In the space of Software Architecture, the “Big Ball of Mud” represents “natural growth” – or the system that just adds and changes without ANY planned architecture. (More on the Big Ball of Mud here.) While we hear about it, and sometimes run into it as we have to solve project problems, how do you spot a software product in that mode?
Side note… while traditionally a Big Ball of Mud is discussing gradual changes to a system or program, we also see a Big Ball of Mud in enterprise architecture in unplanned natural growth of the addition of various systems and technologies, and interfaces and interconnections between them. While dealing with spaghetti code is tough, dealing with spaghetti connections and systems is extremely expensive and risky – but is all too frequent.
Here’s a software product conversation I had this week…
Please wait for a site operator to respond. You are now chatting with 'Randy'. Your Issue ID for this chat is LTK1219208815693X
Randy: Welcome to Unnamed Product Corporation Sales Support. My name is Randy, how may I help you today?
Akiva: Hello Randy. I wish to sync Outlook between my Outlook, which is on my office network and exchange service, and an Outlook that's on an isolated (no internet connection) secure network. So my questions are:
1 – is Product the tool for this (I actually only need to sync calendar)?
2 - will I be able to install it without an internet connection (since the sync computer is on a non-internet-connected network)?
(isolated computer does have a normal USB)
Randy: Product has a feature to synchronize Outlook with a USB stick. But to install Product Internet connection is necessary.
Akiva: would seem to reduce the value of a USB sync. (In other words, WHY IN THE WORLD would you sync by USB stick if you have an Internet connection?)
Randy: Could you please clarify your two computers are connected to the same network?
Akiva: no they are not. Computer 1 is a normal internet connected laptop, connecting to an exchange server in office 1. Computer 2 is on a disconnected private network with a private exchange server, with no external network connections.
Randy: In this case the only option to synchronize your Outlooks is USB stick profile (great, this is what I want to do), but to install Product is necessary Internet connection.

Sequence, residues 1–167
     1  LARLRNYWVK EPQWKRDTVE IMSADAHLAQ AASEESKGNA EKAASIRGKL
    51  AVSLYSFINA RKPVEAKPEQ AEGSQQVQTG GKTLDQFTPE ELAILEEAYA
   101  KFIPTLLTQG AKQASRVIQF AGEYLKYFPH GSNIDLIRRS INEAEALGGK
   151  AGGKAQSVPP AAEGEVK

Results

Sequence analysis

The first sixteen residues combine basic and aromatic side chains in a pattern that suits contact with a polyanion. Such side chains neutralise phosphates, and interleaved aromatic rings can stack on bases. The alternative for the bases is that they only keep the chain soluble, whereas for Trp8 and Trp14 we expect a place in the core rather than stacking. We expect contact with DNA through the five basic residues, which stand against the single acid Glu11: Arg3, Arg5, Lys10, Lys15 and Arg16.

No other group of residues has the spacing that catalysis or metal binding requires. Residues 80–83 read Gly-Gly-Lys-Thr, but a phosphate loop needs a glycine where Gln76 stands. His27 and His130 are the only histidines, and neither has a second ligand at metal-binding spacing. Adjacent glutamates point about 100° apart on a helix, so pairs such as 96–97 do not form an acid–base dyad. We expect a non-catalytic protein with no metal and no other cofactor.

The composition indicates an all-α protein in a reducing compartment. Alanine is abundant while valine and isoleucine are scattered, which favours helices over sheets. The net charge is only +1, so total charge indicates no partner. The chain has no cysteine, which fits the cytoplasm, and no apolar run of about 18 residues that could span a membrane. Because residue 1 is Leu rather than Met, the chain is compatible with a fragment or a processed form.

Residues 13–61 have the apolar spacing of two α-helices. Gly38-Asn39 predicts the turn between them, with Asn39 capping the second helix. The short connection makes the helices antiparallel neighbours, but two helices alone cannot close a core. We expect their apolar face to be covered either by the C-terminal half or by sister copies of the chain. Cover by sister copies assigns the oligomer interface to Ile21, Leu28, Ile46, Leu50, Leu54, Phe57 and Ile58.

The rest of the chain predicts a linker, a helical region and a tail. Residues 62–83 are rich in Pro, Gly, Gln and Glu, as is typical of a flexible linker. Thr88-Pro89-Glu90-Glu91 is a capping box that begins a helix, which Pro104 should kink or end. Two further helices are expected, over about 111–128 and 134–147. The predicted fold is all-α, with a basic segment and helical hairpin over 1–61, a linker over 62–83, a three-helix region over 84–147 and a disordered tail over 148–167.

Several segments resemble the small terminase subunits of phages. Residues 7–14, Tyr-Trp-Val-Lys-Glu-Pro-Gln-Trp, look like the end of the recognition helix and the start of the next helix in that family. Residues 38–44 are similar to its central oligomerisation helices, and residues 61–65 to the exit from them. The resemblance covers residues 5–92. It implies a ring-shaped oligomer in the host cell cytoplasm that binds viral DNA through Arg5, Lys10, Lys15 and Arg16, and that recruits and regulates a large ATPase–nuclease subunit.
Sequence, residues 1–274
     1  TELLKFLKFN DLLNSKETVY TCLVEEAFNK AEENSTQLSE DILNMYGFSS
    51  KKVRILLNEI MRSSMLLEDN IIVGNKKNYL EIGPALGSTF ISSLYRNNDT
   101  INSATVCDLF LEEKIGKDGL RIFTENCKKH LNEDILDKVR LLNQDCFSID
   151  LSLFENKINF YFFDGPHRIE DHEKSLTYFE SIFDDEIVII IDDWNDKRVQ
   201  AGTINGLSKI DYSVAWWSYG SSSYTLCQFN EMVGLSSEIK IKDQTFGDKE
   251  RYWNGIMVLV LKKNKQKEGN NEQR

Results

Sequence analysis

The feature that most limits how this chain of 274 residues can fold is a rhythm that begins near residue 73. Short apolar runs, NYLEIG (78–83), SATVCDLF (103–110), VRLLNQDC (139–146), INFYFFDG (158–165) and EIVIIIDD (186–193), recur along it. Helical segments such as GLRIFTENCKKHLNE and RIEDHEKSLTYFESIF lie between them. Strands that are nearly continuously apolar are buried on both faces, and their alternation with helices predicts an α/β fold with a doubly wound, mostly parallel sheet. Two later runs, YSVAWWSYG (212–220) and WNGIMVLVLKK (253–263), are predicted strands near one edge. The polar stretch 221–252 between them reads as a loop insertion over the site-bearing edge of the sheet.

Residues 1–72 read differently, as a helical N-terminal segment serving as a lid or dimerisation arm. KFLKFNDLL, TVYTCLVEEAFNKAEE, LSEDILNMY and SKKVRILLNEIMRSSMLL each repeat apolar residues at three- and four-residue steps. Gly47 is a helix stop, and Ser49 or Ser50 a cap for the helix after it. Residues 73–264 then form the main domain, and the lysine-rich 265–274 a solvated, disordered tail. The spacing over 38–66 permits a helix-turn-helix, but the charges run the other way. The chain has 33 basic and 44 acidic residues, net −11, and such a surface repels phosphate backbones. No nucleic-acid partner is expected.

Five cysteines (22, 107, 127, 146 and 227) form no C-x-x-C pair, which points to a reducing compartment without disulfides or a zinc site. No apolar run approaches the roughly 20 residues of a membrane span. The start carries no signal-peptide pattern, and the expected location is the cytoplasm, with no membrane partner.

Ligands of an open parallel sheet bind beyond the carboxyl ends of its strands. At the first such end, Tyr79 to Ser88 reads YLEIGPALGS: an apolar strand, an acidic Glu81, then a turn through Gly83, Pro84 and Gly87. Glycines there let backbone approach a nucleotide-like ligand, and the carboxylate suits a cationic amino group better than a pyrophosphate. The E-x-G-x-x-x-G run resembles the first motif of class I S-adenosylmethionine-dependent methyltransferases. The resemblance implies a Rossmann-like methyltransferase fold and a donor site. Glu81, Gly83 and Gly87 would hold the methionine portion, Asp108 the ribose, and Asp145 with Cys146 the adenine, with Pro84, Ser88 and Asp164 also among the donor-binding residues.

Akiva: Can you please confirm that? Your download page as a link that says "Full Standalone Installation* *Internet connection is not required during installation"
Randy: Just a second. I just talked with our technician, he confirmed that you are able to install Product without an Internet connection, sorry for the mistake.
Akiva: It's ok. However, I’m trying it – it says it requires a particular KB patch to .Net 4.0 as a supporting component - which it tries to download. and of course fails - the computer has no internet. I'm now trying to download and pre-install that component. (So tell your tech you were 1/2 right.)
Randy: You are able to download Product trial version which has 14 days trial period and try it.
Akiva: Ok, important question for the tech. When I buy it, does it require an internet connection to verify/certify/check the license id you provide?
Randy: Internet connection is required to activate your license. Also to renew it.
Akiva: So, to confirm, you can install it stand alone but not buy it and use it that way. You have a stand alone install, but it requires an internet component to download. So... the product CANNOT be used on a stand-alone computer for sync.
Randy: Yes, you are right. May you have more questions for now?
Akiva: Well that's just frustrating. Kind of makes the USB sync feature useless. Oh well, thanks anyway.
So what happened here? This company developed a non-network based sync option, then later developed an internet based licensing requirement that invalidates the non-network based sync option – basically making the product useless. I wonder if they actually sell any of these, or sell them and have people demand refunds since it effectively is useless now. Bad planning, no overall architecture to understand the impact of one feature set on the rest of the system.